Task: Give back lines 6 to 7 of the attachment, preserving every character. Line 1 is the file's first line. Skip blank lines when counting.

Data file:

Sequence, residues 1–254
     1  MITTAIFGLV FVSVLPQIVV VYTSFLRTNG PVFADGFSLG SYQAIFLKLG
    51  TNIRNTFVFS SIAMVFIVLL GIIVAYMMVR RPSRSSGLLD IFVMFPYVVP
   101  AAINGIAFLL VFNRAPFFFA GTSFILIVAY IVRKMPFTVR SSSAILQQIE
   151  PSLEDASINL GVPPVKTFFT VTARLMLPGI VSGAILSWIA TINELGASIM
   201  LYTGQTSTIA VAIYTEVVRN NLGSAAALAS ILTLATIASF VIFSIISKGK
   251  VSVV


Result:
   201  LYTGQTSTIA VAIYTEVVRN NLGSAAALAS ILTLATIASF VIFSIISKGK
   251  VSVV